video editing tools

To check-out Blender and VideoPad I set up a trial to produce a simple five second short abstract video with sound, and then exhibit the outcome on my Instagram account (also embedded below).

For the trial I wanted to:

  1. take a five second clip from a camera shot real-world video;
  2. break this clip down into a sequence of still frames;
  3. export the frames as a sequence;
  4. process each frame in the sequence using a custom Photoshop action;
  5. import the updated frame sequence;
  6. add a separately recorded audio track;
  7. fade in and out both the video and the audio;
  8. export the finished video as an mp4 video;
  9. exhibit a cropped to square version on my Instagram account.


After about an hour of working with Blender, I had organised a usable layout (based on the tutorial mentioned in a comment to my last post). I then became stuck and unable to synchronise the video track and an imported WAV audio track. Despite editing them to the same length and the audio track showing a waveform right to the end of the clip, the sound appeared to play faster than the video and ran out a couple of seconds before the end. After a couple more hours of head scratching, I decided to set Blender to one side and take a look at VideoPad.


An entirely different proposition. No need to set-up the user interface. VideoPad is entirely focused on video editing and the user interface is clear and focused on the job. After about a half hour I had breezed through my nine step process and had my video on exhibit at Instagram.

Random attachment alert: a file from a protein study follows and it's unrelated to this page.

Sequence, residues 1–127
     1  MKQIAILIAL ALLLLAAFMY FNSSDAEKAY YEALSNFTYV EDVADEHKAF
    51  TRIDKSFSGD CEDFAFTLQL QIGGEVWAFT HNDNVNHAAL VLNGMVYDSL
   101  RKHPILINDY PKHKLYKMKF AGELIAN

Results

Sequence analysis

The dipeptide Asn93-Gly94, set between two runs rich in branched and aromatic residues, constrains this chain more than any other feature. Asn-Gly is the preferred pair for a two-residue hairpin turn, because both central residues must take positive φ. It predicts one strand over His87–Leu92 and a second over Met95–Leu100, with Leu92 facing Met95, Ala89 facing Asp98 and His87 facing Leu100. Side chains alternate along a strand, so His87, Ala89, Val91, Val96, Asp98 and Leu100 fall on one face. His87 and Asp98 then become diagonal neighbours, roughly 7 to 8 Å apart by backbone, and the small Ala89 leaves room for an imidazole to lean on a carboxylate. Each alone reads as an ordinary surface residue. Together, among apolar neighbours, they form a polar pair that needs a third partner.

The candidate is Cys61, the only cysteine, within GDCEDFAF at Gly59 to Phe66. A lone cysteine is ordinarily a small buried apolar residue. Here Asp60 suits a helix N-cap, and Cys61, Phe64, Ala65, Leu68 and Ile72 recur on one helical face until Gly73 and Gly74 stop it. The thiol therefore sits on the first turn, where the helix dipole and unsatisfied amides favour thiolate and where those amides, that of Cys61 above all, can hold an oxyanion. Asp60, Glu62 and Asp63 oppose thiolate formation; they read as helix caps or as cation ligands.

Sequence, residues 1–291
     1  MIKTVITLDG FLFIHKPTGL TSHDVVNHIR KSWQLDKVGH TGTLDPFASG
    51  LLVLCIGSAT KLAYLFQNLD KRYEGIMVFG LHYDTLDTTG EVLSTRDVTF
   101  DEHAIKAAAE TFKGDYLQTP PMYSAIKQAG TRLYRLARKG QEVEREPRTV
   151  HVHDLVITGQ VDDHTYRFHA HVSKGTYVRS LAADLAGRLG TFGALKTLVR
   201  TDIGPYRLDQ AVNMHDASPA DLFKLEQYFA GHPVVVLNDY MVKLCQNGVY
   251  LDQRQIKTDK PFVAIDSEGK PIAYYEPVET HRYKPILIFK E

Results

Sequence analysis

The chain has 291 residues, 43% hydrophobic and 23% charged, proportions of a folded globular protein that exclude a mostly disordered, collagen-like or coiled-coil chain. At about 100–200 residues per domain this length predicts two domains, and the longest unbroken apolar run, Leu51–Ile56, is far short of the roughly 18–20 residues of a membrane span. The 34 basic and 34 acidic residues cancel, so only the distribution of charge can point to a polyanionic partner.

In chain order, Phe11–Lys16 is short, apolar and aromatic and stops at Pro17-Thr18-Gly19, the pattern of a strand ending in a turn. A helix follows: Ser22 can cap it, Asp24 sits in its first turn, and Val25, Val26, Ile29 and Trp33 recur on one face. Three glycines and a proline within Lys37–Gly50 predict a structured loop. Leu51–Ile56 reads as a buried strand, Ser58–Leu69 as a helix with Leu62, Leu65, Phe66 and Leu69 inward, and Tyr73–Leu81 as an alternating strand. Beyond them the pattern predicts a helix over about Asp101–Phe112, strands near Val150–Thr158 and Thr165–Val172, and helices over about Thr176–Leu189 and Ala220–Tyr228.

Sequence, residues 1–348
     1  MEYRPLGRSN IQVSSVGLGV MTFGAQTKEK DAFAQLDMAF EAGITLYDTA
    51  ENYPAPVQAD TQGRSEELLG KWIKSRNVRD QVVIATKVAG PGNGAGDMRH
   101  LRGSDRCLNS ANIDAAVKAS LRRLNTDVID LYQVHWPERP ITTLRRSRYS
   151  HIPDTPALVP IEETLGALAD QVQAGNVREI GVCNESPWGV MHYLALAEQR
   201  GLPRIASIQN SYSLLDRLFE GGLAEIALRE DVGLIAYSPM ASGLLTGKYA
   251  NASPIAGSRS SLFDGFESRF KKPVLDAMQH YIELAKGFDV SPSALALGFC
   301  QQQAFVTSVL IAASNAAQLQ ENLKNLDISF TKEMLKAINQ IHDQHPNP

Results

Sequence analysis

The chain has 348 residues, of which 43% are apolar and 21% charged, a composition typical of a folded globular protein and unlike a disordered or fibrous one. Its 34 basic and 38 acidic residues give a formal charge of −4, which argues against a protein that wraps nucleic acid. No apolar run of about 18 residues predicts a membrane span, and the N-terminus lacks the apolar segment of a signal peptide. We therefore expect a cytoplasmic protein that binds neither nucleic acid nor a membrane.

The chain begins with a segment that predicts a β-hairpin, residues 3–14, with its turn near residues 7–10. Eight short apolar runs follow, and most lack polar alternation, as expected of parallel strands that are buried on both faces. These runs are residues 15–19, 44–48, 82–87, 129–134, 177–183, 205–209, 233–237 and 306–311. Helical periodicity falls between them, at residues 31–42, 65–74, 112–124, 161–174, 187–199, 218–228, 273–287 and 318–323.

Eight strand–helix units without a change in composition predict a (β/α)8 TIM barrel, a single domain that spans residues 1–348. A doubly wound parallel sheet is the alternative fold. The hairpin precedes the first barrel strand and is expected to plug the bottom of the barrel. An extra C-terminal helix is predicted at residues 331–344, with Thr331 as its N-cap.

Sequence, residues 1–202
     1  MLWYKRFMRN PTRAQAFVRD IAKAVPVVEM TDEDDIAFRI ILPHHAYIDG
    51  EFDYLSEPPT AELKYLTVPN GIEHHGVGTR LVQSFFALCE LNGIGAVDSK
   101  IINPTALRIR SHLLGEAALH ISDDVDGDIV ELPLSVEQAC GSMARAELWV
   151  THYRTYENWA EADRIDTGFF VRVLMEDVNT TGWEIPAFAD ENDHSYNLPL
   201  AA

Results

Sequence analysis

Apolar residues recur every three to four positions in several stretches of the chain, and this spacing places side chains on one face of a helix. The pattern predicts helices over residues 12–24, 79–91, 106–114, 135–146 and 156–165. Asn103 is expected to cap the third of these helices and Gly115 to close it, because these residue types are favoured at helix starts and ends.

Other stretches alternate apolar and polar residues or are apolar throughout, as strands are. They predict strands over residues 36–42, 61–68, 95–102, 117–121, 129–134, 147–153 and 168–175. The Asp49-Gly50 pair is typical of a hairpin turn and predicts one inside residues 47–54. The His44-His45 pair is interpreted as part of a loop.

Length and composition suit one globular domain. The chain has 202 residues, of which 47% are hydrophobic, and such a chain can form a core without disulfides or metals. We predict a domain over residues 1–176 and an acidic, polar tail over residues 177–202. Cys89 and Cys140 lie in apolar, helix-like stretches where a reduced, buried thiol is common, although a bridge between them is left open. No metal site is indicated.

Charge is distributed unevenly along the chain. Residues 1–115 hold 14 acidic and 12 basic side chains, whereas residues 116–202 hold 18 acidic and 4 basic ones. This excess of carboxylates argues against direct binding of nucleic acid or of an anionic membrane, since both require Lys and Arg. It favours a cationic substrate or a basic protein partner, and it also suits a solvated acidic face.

Trying to wrangle Blender, to do what I needed it to do, kept getting in the way. I don’t want to spend my time tracking down why something isn’t doing what I expected it to do (the audio sync problem), even if the error was mine and not Blender’s.

In contrast, VideoPad did exactly what I wanted it to do and in a way I could easily understand. I didn’t even need to consult a manual or a video tutorial (my experience with QuickTime and Adobe Premiere Elements being sufficient).

Now, this might say more about me and my experience than it does about the tools, but I am here to make the outcomes I want to make and not to become embroiled in the idiosyncrasies of any one specific product.

So, I have spent a little cash and purchased a full licence for VideoPad.

I have not given up on Blender entirely. I will experiment further. I am especially interested in its use of Python as a scripting language and I may try to produce some scripted 3D outcomes in the future.

working in winter

I think the digital studio is the place for me in the winter. So, I have begun experimenting with video again. The last time I did so (in any serious way) was in the period 2011-2013. Back then I used Adobe Premiere Elements, QuickTime Pro and Photoshop CS2 as my tools. Things have since moved on. QuickTime Pro is now deprecated, unsupported and a security risk on the Windows platform (thanks Apple) and my copy of Premiere Elements was not made for Windows 10, so I need to look for replacement video editing tools (CS2 still works for me as still image processor). I considered buying into a commercial package, but I hate the thought of monthly fees (Adobe) and I don’t have a lot of cash, so I am investigating free and (preferably) open source options. After a bit of research, I have installed Blender and VideoPad. It looks like I’ll be climbing a bit of a learning curve, but I know what I want to do with the tools, and this always simplifies the learning process. I’ll post again when I have worked out the basics and can decide on a toolset for this new enquiry.

PS. I have installed a handful of my early video outcomes on instagram.